specialist in digestive health since 2008

specialist in digestive health since 2008

We have been developing and producing nutritional supplements since 2008. Our products are specially developed with great care and attention by our in-house dieticians. For the composition of our products we use only necessary ingredients, so our products are pure, free of gluten and soy and of high quality. This ensures that our supplements can be used safely and without adverse side effects. Our products are low FODMAP Certified™ by Monash University.

free dietary advice

free dietary advice

Our team of specialized dietitians is always at your service with practical advice and additional information about our products. Contact us via:

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more than 100,000 satisfied customers

more than 100,000 satisfied customers

Since 2008, our mission is to help everyone enjoy their food. We are proud to support over 100,000 customers already.

starch and sucrose

Starch and sucrose are both carbohydrates and often occur in large quantities in our diet. Read more about starch and sucrose below.

what are starch and sucrose?

Sucrose consists of two linked carbohydrate molecules: glucose and fructose. Starch consists of long chains of linked carbohydrate molecules. In the small intestine, starch and sucrose are broken down using enzymes in order to be properly absorbed into the blood.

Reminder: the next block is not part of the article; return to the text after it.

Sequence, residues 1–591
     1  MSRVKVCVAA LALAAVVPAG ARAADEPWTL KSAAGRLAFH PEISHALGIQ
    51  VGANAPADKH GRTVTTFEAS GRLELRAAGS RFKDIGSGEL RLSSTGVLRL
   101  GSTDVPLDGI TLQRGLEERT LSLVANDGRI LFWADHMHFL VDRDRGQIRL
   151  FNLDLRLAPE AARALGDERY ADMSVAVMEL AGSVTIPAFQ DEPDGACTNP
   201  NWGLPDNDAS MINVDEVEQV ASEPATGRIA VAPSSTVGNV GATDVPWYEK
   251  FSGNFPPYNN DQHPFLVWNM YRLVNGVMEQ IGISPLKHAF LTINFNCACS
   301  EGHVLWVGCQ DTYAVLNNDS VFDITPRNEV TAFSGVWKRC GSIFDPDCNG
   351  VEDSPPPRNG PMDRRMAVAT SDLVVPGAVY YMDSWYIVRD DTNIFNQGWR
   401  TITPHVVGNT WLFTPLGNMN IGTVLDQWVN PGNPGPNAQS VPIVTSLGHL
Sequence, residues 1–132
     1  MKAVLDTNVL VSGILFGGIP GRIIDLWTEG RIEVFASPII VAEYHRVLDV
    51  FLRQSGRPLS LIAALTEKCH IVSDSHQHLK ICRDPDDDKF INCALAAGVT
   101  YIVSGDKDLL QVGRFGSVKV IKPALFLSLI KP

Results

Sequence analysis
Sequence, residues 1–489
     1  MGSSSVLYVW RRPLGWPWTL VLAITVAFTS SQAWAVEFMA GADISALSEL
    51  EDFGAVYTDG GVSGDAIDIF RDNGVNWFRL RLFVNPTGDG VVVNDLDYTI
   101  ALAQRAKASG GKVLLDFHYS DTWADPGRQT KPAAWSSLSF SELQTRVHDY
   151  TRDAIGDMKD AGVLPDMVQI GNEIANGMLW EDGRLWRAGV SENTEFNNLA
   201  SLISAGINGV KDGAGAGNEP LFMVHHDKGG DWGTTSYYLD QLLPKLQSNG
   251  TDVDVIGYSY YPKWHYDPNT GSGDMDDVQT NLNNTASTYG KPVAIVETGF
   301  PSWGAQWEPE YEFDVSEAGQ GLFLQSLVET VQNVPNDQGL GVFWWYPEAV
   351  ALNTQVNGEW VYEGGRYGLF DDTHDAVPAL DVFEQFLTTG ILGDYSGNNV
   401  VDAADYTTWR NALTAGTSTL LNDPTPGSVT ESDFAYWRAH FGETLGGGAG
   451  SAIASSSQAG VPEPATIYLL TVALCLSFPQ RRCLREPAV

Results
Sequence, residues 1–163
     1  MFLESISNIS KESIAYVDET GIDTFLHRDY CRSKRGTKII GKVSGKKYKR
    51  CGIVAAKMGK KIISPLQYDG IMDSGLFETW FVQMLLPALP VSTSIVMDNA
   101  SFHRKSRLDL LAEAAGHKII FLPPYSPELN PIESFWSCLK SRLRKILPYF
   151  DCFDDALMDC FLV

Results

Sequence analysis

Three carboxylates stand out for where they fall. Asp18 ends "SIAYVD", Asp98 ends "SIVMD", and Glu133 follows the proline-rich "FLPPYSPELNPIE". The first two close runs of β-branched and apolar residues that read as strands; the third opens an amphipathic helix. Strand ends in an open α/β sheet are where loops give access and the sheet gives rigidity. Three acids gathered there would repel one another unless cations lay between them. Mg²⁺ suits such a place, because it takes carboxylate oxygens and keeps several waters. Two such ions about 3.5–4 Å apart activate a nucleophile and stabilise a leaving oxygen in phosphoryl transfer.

If these enzymes are absent or only present to a limited extent, sucrose and starch cannot be absorbed in the small intestine. Both substances then enter the colon where fermentation takes place due to the intestinal bacteria present there. The fermentation process often releases gas and attracts moisture.

Starch and sucrose may be a risk factor for the development of gas in the intestines in some people.

which foods contain starch and sucrose?

Both sucrose and starch are found in many foods. For example, sucrose is found in fruit and table sugar while starch is found in all cereal products and potatoes. Examples of foods that contain (a lot of) sucrose or starch are:

  • Table sugar
  • Fruits, such as apple, banana, mango, pear, orange, and watermelon
  • Vegetables, such as corn, beet root, carrot, sweet potato, carrot and onion
  • Bread
  • Rice, pasta, and other pasta
  • Processed foods, such as cookies, sweets, and sauces.

Sucrose is added to an awful lot of processed foods. It is usually listed on the label in the nutrition table as ‘Carbohydrates, of which sugars’.

how do you deal with starch and sucrose?

If starch and sucrose are risk factors for you for developing intestinal gas, there are fortunately a number of things you can do about this. One of the things you can do is adjust your diet.

By limiting the consumption of foods rich in starch and/or sucrose, you can reduce the risk of gas. It can vary from person to person which types of food pose a risk of gas formation. In general, sucrose often poses a greater risk of gas formation than starch.

Finding out which foods pose a risk for you is often quite a quest. But if all goes well, you will eventually get to know your body and know which foods pose a risk of forming gas for you. If you find this difficult, a dietician can help you with this.

Legislation regarding health claims on dietary supplements, cosmetic products and medical devices unfortunately prevents us from providing information on the use of supplements (containing digestive enzymes).

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